Harry Potter and the Prisoner of Azkaban
Harry Potter and the Prisoner of Azkaban is the third book written by JK Rowling in the Harry Potter series.
- Professor Lupin is a fun caring teacher, and Sirius Black is a great villain.
- Hogwarts is still very exciting and wonderful.
- Snape has entered into the realm of cartoonish villain. While I understand that teachers are often unfair, Snape's favoritism to his own house and obvious hatred of all Gryffindors is never challenged by Dumbledore. He even gleefully tries to kill two people. While a young reader may see this as a great reason to dislike Snape, it makes me feel that Hogwarts is poorly managed by Dumbledore.
- Draco is able to pretend that his arm is sore for weeks despite having no discernible symptoms, and all the staff go along with it, even to the point of rescheduling events around it. Again, poorly managed.
- I can understand how bogarts can take the shape of dementors, but how do they gain their powers?
- Fred and George say they've memorized the Marauder's Map, which is why they gift it to Harry, but, while they can memorize the layout of Hogwarts, the real-time updates of where everyone is located would still be a benefit too priceless to give up.
- For as important as Quidditch is to the wizarding world, they don't play it very often. Each house only faces each other house once for the entire school year, resulting in a maximum of six games, or only three games each. Worse yet, two consecutive losses, automatically forfeits the third game.
- Quidditch is even less realistic in this book. The Firebolt makes it even less about ability and more about who can afford the most expensive broom, and the blatant cheating done by Slytherin isn't properly punished. Grabbing the broom of a seeker results in a penalty shot for an attempt at ten points, but it prevents the team from getting 150 points, so it doesn't make sense not to do it! Same with the hitting chasers with bats.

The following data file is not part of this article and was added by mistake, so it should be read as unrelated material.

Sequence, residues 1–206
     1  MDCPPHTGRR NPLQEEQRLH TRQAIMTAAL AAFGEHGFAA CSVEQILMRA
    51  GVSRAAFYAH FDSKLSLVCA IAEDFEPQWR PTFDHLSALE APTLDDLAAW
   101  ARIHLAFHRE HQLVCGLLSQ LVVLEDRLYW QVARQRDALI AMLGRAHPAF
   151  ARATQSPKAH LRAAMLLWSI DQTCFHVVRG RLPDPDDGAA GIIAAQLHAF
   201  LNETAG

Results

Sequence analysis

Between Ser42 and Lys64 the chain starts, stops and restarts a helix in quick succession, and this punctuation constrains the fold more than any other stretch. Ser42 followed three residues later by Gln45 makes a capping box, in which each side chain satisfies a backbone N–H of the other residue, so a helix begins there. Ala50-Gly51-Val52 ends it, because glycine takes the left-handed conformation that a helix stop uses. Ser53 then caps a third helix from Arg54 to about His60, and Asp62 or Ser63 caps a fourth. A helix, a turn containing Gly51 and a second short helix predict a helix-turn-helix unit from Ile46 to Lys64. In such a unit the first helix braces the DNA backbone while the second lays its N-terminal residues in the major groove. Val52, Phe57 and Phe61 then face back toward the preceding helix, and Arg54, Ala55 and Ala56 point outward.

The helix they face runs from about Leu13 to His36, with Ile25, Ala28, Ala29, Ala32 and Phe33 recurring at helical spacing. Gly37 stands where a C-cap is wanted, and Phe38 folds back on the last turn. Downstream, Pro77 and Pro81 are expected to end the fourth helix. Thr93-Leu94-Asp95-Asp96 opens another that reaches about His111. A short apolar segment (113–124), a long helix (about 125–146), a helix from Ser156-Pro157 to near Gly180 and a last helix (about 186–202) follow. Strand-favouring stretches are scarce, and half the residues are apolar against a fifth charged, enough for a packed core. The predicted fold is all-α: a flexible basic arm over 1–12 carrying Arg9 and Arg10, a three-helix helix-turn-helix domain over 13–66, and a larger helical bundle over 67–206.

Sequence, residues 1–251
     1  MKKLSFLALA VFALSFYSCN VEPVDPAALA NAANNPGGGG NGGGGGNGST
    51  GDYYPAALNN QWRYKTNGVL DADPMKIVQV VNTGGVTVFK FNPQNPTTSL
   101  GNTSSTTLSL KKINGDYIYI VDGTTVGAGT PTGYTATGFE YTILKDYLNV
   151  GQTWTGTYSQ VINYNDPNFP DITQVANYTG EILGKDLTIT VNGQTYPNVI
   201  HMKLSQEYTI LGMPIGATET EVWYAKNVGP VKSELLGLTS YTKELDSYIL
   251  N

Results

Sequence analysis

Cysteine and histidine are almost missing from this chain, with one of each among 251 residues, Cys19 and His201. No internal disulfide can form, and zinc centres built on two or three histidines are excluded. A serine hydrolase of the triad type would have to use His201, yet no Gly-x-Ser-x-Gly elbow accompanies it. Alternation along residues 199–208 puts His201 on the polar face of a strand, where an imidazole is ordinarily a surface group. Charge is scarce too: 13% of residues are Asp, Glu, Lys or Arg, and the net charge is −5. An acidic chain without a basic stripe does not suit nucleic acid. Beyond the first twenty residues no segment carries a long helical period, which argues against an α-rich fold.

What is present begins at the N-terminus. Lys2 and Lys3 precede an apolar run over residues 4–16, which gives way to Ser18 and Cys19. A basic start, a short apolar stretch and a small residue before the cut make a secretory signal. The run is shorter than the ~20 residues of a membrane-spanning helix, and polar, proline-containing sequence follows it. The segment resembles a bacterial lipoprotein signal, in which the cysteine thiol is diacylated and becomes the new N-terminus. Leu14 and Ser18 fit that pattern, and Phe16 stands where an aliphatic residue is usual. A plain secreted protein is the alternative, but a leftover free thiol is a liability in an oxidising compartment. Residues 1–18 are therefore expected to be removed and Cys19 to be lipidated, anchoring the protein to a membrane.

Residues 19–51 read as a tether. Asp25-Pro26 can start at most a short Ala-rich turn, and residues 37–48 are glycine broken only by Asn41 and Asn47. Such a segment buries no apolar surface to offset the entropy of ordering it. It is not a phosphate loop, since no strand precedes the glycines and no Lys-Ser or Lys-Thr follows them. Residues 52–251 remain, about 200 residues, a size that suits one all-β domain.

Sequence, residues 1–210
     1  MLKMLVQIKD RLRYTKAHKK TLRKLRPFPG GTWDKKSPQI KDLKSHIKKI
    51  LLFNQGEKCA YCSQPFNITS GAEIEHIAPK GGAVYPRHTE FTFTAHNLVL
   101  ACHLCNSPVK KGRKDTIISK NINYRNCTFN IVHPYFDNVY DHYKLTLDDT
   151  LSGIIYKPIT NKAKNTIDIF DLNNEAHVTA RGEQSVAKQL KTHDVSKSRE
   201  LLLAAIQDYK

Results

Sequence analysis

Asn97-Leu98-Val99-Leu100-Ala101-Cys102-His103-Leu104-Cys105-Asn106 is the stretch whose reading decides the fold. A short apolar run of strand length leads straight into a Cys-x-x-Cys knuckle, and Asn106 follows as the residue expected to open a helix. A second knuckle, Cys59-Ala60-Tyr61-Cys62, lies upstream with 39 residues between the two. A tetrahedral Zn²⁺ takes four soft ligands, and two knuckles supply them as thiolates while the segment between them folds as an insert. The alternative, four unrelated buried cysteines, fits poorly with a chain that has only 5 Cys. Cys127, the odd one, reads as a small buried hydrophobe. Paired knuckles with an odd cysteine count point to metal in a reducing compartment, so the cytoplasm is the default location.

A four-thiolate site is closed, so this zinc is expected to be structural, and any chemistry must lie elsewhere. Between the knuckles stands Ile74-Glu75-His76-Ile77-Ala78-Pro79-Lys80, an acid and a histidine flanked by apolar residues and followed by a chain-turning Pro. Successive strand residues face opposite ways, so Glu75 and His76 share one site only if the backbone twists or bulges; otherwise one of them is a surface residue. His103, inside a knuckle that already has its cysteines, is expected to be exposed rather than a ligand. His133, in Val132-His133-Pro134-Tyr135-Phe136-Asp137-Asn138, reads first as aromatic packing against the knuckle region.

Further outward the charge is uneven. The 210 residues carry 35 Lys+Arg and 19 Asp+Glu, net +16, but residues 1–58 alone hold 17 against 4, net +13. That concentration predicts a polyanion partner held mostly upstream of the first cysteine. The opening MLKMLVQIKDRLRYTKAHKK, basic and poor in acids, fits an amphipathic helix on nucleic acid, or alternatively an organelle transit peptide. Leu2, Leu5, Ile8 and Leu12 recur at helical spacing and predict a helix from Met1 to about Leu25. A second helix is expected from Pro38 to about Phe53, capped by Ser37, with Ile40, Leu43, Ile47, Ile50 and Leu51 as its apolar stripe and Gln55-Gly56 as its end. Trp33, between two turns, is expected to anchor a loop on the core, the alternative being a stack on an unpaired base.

- While drawing out the final encounter with Sirius Black is made more dramatic by neither Black or Lupin being forthright, it doesn't make sense. They both risk the kids killing them by not explaining themselves sooner.
- The final confrontation takes forever!
- Black's escape doesn't fit with the story. If animagius are able to slip past the dementors, why aren't all prisoners screened before entering? And if animagius are so rare, (only 7 in the past century), how could three fifth-year students, one particularly weak, pull off the spell without any help from professionals?
- The Marauder's Map pretty much ruins the entire Harry Potter world. A few students could create a powerful magical device that allows them to track the location of every single person in the school in real time? If this is the case, why doesn't the Ministry of Magic simply create a similar map to catch Black and every other criminal in existence? Why didn't the twins see Sirius Black on the map? Why didn't they see their sister in the Chamber of Secrets? Why didn't they see Ron with another man in his bed? Why didn't they see Voldemort on top of Professor Quirrel?
- The Time Turner also pretty much ruins the entire world. The wizards have the ability to rewind time at will? Why didn't they rewind to before Black escaped? Or before Harry Potter's parents were killed? Or before Tom Riddle turned evil?
- Keeping a charlatan like Sybill Trelawney on staff where she can lie to children unimpeded just because she makes an accurate prediction every few years is a horrible practice for Dumbledore.
- It seems the only prison in the wizarding world is Azkaban, a place where the prisoners are constantly tortured.
- dorkly.com/post/74029/why-the-marauders-map-is-useless - Comic that addresses the Marauder's Map plot hole.